51. 51.  Olopatadine  It also has anti-inflammatory properties such as inhibition of cytokine secretion , inhibition of TNF-α release from human conjunctival mast cell , with a subsequent decrease in ICAM-1 expression and thereby a decrease in chemotaxis of inflammatory cells such as eosinophils.  rapid onset (within 20 min), with at least 8h duration of action .  The 0.1% b.d / 0.2% o.d (24 hours action) . Antihistamine and mast cell stabiliser combination
  52. 52. NSAIDS  NSAIDs can address the itching associated with allergic conjunctivitis  These agents can cause discomfort upon instillation, which can in turn lead to reduced patient adherence, not ideal in presence of epithelial erosions
  53. 53. Corticosteroids  Corticosteroids are the most effective anti- inflammatory drugs available  Productions of several pro-inflammatory cytokines such as IL-1, IL-4, IL-5and TNF-a are directly ‘repressed’ by corticosteroids  decrease expression of adhesion molecules  decrease in numbers of eosinophils neutrophils, mast cells and lymphocytes at the site of inflammation  Topical application high local tissue concentration
  54. 54.  Important side effect of ocular steroids is increase in ocular pressure (IOP)  Cataract, secondary infection  newer ‘soft’ corticosteroids with the alteration of the ketone structure to ester at carbonC20 of the corticosteroid structure has led to a marked decrease in this side effect in both IOP and cataract formation  Loteprednol etabonate  is thus a preferred topical steroid 0.2% Corticosteroids
  55. 55. Topical cyclosporin and Tacrolimus  Moderate to severe AKC and VKC  Topical Cyclosporin or Tacrolimus  actions of both agents are inhibition of T-cell activation and inhibition of release of IgE- dependent mediators and cytokines from mast cells and other related cells  cyclosporine A (CsA) inhibits proliferation and cytokine production from conjunctival fibroblasts thus suppressing the inflammatory cascade
  56. 56. Topical cyclosporin  1% - 2% in olive oil, castor oil, lubricants  Burning sensation on topical application  Can affect compliance  0.1 % - 0.05% less burning, not so effective  Aurosporin 2% cyclosporin from Aurolab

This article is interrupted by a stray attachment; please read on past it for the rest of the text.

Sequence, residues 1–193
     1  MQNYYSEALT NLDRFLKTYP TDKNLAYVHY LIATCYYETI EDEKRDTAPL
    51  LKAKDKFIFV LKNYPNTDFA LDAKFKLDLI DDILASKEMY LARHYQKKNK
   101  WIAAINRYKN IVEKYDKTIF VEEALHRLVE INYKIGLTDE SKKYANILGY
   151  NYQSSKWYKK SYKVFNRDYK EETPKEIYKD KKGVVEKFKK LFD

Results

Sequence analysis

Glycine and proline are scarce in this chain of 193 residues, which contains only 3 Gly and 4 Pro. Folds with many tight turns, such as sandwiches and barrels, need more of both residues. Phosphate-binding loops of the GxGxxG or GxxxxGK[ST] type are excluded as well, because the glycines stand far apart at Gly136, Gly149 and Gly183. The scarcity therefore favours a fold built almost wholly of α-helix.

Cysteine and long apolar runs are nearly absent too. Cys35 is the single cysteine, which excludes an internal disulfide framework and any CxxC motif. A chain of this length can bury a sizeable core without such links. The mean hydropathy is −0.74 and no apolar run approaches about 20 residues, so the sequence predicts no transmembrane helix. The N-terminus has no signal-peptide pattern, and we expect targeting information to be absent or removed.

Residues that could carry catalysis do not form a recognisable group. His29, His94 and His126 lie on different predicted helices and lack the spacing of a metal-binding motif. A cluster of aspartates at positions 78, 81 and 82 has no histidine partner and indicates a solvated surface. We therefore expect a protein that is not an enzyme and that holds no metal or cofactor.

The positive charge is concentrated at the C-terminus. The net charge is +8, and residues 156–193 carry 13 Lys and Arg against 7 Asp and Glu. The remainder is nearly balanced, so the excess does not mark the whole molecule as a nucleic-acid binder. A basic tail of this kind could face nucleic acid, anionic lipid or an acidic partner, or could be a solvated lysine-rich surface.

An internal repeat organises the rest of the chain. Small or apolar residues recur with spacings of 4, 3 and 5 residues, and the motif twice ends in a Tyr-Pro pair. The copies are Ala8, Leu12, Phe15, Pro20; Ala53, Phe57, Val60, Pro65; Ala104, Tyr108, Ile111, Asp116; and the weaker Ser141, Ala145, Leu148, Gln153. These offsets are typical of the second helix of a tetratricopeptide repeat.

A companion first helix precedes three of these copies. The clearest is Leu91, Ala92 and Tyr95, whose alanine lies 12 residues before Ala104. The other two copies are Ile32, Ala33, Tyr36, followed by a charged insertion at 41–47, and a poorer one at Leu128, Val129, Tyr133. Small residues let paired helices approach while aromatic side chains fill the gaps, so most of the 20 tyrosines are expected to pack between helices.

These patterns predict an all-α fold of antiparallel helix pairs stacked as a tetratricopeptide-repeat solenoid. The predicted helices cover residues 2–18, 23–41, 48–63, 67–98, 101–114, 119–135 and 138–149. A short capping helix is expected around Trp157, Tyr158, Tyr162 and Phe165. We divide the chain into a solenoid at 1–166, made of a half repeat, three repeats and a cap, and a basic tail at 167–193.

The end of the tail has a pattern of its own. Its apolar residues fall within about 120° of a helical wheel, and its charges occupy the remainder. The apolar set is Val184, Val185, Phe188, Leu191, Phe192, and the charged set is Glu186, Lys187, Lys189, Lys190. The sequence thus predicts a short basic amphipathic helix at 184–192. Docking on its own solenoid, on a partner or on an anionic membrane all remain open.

57. 57. Topical Tacrolimus  0.1% - 0.03% ointment  0.03% can be applied in lower fornix 2 times a day  Minimal stinging on topical application  Tacliment 0.03% from Aurolab  Beneficial effects reported in VKC, AKC, GPC in 4 weeks
  58. 58.  No systemic adverse effects reported with both Cyclosporin and Tacrolimus on topical use.  Burning and stinging less with Tacrolimus ointment  HSV keratitis reported by some on tacrolimus use. Topical cyclosporin and Tacrolimus
  59. 59.  Because allergic conjunctivitis usually accompanies allergic rhinitis, most of the studies of allergen immunotherapy were conducted in patients with symptoms of both organ systems.  As a consequence, ocular symptoms were shown to be improved together with rhinitis symptoms  Needs to be given for atleast a year. Sublingual immunotherapy
  60. 60. Sublingual immunotherapy  Sublingual immunotherapy is taken as drops or tablets, containing specific allergen extracts which interact with the immune system to decrease allergic sensitivity.  Increasing doses of the allergen are administered by sublingual immunotherapy route to achieve hyposensitization and creating immune tolerance to antigens.  Long term changes that occur with immunotherapy include a decrease in mast cell sensitivity and a decrease in IgE production by mucosal B-cells.  There is a decrease in the IgE/IgG4 and a decrease in the TH1/TH2 ratio.
  61. 61.  recently published metaanalysis results of SLIT for allergic conjunctivitis.  not only improved patients’ eye symptoms (red eyes, itching, watery eyes) but also increased allergen threshold  May benefit VKC , AKC Sublingual immunotherapy
  62. 62. Conclusion  a proactive, multifaceted approach based on severity of the disease.  Co management with an allergy specialist in severe cases  Immunomodulators for severe VKC, AKC  Patients going for elective laser vision correction or cataract surgery should be well controlled
  63. 63. October 2013
  64. 64. Giant papillae in VKC  Surgical resection of giant papillae and autologous conjunctival graft in refractory cases  No recurrence over 9-27 months Nishiwaki-Dantas MC, et al Ophthal Plast Reconstr Surg. 2000 Nov
  65. 65. Giant papillae in VKC  Surgical Resection and cryotherapy Drawback  Irregular conjunctival scarring can produce palpebral deformity & surface irregularity of superior palpebral conjunctiva
  66. 66. Giant papillae in VKC  Superficial tarsectomy Compromises accessory lacrimal and meibomian gland function  Surgical resection & Buccal mucous membrane graft
  67. 67. Giant papillae in VKC  Removal of giant vernal papillae by CO2 laser. Belfair N et al Can J Ophthalmol. 2005 Aug  Only mechanical trauma eliminated, immunologic process controlled medically